Friday, January 29, 2010

Friday Baseball Post

I'm trying to figure out how to do this without being a total cornball about it, but...is there anything, anywhere, on any part of these here internets as wonderful and glorious as baseball-reference.com

I'm not quite old enough to remember a world without a baseball encyclopedia.  Big Mac, as the first one was called (it was published by MacMillon), debuted in 1969.  Before that, the statistical history of baseball was catch-as-catch can; one of the things to remember about Hall of Fame balloting up to that point is that the voters had no easy way of actually knowing the basic facts of many players' careers.

The next era, for thirty years, featured books.  Big, thick, books.  The books got better over the years; there were two or three competing publishers.  They didn't publish them every year; I have a few of these, including the 7th edition Big Mac, which was current through the 1987 season.  Total Baseball for a while published updates between editions, which I know because I own the 1990 update. 

And then, on February 1, 2000, Sean Forman brought baseball-reference online, and books were instantly obsolete. Well, that was bound to happen...but it didn't have to be amazing.  It didn't have to be awesome.  It didn't have to keep getting better and better.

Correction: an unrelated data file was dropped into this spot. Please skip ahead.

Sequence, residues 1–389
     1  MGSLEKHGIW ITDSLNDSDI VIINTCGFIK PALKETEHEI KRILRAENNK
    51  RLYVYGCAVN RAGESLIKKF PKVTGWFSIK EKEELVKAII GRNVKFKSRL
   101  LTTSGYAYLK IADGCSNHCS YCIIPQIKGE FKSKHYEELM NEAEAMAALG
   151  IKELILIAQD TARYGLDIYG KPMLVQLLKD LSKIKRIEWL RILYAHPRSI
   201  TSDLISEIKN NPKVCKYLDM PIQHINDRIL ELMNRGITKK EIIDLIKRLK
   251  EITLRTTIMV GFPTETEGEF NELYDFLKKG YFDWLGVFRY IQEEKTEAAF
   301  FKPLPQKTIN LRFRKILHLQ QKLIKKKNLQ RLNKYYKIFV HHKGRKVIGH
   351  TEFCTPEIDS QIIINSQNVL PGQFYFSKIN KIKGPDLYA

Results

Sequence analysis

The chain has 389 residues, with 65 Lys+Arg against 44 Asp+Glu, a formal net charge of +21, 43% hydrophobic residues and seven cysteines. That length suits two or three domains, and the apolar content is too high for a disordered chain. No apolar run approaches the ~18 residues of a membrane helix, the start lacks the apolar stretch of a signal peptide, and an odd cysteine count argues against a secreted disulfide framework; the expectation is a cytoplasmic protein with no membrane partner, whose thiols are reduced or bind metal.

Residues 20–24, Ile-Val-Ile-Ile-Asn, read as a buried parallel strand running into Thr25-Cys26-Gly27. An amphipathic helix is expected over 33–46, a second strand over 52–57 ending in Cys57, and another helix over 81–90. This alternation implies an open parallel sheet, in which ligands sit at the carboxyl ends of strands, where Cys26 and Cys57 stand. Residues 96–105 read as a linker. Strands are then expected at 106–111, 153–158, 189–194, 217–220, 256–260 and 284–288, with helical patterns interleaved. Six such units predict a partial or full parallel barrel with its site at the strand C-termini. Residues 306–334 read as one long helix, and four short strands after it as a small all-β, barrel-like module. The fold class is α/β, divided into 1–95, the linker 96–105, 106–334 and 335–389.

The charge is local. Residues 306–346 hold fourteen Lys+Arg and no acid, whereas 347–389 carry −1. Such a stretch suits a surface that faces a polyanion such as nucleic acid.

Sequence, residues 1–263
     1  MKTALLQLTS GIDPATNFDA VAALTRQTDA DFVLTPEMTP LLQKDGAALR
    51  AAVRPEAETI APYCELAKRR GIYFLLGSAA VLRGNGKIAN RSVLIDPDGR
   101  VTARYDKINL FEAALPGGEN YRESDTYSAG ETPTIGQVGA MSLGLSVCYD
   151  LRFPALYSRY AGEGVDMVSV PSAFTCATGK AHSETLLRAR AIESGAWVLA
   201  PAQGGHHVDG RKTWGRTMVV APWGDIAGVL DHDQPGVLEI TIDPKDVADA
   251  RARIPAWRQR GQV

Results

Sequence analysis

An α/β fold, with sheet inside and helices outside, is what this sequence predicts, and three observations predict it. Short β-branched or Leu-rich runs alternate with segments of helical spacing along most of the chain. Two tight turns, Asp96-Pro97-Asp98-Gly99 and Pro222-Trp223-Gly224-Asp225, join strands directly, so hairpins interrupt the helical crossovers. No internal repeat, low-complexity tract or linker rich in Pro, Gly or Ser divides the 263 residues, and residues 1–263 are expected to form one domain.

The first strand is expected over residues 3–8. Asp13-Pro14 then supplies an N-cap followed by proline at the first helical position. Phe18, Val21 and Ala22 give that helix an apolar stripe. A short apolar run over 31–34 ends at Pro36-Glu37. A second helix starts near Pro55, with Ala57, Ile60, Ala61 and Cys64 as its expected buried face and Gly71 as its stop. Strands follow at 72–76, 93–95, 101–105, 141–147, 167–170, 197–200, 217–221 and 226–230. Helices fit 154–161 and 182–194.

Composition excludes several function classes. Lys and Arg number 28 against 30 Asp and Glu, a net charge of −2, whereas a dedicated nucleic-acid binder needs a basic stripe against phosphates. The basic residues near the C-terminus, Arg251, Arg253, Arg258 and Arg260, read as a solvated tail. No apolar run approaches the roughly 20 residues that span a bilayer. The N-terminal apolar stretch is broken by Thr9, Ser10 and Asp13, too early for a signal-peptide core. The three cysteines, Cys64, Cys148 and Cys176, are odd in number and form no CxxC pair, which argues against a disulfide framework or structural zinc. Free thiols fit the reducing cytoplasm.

It is, though.  There are a lot of reasons why this is a great time to be a baseball fan, but if I had to narrow it down I'd go with radio broadcasts available through mlb.com, and the amazing baseball-reference pages.  The truth is I could go on for hours writing about all the terrific things available over there, but as I said, I'm trying to avoid being overly cornball.  Can't do it though: it's just that good.

Thanks, Sean. 

1 comment:

  1. Jonathan is right on the procedure, right about the politics, and correct that passing the Senate Bill irreversibly and favorably tilts the table. Nontheless I can feel in my bones that the House is not going to pass the Senate Bill. Not next week, certainly, probably not ever. Groups of people are rarely imaginative, they rarely grab at opportunities.

    It hurts to think about it.

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